Often experienced OTB players have a lot of interesting stories about peculiar events related to go. Sometimes they have morals, sometimes they’re funny, sometimes they’re just something to talk about. Does anyone have go stories worth sharing? Maybe trivia? Or club legend?
There is a 5 dan player who runs the official Go club in the city who I shall address as Mr. Li. Being someone who has played the game for 30 years, he has amassed a lot of fame in the amateur scene in China. Often he would tell us some of his stories, here’s one of them…
In some amateur tournaments in China, there are a lot players who play dirty. For Mr. Li’s game in the quarterfinals, he was scheduled to play an opponent who is “supposedly” absent. Those who were absent for longer than 15 minutes after the round begins lose automatically. Turns out his opponent had already arrived, but was hiding in an obscure place behind a few decorative pillars in the venue. It wasn’t until about 13 minutes into the round did he actually come out from hiding and greet Mr. Li. Some people do this to create a psychological effect in their opponent. It is trying to give false hope of an automatic win, before showing up and stage an upset. Apparently this technique can work really well on some people, throwing them off balance in their entire game. However, Mr. Li did something just as dirty.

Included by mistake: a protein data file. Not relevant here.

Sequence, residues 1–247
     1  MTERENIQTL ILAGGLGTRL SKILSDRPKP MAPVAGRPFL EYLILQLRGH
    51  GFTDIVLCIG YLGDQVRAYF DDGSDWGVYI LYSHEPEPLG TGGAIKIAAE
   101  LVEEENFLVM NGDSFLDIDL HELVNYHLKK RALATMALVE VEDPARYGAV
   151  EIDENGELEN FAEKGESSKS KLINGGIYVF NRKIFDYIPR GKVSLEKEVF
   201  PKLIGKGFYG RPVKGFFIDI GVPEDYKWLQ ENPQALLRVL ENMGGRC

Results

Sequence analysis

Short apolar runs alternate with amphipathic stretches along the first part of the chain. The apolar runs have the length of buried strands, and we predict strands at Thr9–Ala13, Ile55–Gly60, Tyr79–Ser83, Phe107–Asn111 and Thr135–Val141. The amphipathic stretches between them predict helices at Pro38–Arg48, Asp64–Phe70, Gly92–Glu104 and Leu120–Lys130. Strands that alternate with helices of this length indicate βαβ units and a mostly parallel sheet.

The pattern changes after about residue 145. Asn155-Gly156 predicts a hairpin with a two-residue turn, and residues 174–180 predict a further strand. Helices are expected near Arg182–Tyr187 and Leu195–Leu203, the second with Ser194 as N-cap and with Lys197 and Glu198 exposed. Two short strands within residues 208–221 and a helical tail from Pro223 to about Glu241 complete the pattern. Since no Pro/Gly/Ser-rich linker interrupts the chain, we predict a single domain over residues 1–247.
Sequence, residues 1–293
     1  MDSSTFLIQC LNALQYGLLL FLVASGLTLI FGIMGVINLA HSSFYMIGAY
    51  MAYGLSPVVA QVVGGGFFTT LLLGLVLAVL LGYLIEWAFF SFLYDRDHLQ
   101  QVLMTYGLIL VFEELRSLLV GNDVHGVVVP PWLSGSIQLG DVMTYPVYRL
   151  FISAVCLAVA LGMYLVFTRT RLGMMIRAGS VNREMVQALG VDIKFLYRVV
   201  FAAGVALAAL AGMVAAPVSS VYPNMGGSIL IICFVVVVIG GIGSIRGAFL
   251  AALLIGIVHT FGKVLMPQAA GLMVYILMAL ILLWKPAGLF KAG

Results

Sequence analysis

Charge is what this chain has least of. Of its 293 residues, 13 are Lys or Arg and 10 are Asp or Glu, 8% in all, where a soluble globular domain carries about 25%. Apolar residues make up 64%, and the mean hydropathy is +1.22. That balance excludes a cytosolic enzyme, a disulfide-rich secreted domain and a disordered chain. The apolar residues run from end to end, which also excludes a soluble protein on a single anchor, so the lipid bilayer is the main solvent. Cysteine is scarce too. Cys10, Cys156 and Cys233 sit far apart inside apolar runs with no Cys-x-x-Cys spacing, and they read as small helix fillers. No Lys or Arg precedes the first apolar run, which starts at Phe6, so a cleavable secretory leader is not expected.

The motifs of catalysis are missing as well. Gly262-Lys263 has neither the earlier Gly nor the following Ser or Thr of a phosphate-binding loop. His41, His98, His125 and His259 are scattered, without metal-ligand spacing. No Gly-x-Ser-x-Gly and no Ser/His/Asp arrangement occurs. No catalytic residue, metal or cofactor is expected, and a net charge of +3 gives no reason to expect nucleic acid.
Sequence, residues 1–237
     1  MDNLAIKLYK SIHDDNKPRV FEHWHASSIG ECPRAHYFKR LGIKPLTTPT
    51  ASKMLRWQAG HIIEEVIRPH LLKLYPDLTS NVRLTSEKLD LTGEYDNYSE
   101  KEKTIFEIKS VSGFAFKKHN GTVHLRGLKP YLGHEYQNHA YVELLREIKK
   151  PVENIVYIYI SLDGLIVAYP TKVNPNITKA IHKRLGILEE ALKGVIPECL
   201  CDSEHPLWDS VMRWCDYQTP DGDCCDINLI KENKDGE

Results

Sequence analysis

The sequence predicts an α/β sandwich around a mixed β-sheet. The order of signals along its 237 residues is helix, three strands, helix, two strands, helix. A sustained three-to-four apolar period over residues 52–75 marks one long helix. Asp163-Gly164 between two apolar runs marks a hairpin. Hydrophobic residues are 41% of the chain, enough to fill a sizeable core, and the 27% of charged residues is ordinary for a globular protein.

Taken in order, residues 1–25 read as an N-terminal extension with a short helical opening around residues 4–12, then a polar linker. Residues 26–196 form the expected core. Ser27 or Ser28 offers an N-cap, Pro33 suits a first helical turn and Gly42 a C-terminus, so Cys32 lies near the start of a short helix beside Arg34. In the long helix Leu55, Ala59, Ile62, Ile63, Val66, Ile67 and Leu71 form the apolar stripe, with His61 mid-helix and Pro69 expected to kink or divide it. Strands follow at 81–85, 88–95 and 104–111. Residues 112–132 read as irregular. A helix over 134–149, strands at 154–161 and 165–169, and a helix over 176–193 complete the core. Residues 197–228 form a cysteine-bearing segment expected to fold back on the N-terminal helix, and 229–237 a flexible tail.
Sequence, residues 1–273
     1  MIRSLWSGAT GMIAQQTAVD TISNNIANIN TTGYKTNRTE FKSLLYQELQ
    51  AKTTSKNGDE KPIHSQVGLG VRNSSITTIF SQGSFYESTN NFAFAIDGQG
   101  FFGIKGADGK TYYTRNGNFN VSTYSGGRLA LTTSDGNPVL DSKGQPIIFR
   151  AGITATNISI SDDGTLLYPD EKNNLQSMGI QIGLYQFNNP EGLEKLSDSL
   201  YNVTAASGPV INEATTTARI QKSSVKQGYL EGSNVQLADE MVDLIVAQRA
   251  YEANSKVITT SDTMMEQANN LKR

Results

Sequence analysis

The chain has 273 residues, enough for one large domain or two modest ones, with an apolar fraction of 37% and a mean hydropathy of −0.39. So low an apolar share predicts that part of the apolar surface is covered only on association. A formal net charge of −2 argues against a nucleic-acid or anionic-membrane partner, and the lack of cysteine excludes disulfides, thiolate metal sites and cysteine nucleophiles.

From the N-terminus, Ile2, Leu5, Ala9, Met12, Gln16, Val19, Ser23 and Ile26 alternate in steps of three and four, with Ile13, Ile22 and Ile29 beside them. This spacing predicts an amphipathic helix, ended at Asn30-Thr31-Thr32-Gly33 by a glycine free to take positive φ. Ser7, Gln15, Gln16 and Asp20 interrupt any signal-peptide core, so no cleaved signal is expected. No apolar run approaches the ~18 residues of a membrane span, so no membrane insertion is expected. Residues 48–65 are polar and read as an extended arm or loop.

Anyway, on with the story. It follows that during the mid game, Mr. Li had miscalculated his position, and two very critical cutting stones are caught in a ladder. The ladder is very complex, and there are many turning points in the ladder, thus requiring a lot of calculation. Mr. Li spotted this and realized there was no way to save those stones. So he waited, and pretended he was thinking very seriously. He waited about ten minutes acting this way, and played one move on the ladder (trying to run out the ladder that doesn’t work). The opponent, seeing this, immediately followed up with the ladder atari. Mr. Li paused again, waiting another 20 minutes, looking “as serious as if your life depended on it” as he puts it, before playing another ladder move. Now his opponent was doubting himself. He had heard of Mr. Li’s fame and achievement record, so naturally he thought maybe he had miscalculated, and that the ladder actually doesn’t work for him.
So yeah, Mr. Li’s opponent tenukied, and Mr. Li quickly saved those laddered stones. Mr. Li eventually won the game. After the game, Mr. Li told him those stones were actually dead, and that he had planned on resigning had he kept trying to capture them. His opponent was shocked but too embarrassed to mention the cheap trick he played for he knew he was no better
The game of Go is a lot more than what you see on the board. 盘外招 is the Chinese phrase for “tricks outside the board” Of course, I don’t recommend trying any of it
thanks for sharing
An Embarrassing Position: From ‘The Game of Wei-Chi’ by D. Pecorini & Tong Shu
It is said that a first-rate player was summoned by the Emporer to play a game of Wei-Chi. He thought that if he were to win he might be considered lacking in respect for the Emperor, so he played some weak moves. The Emperor perceived this, and said: “How can a player of your class play so as to lose the game?”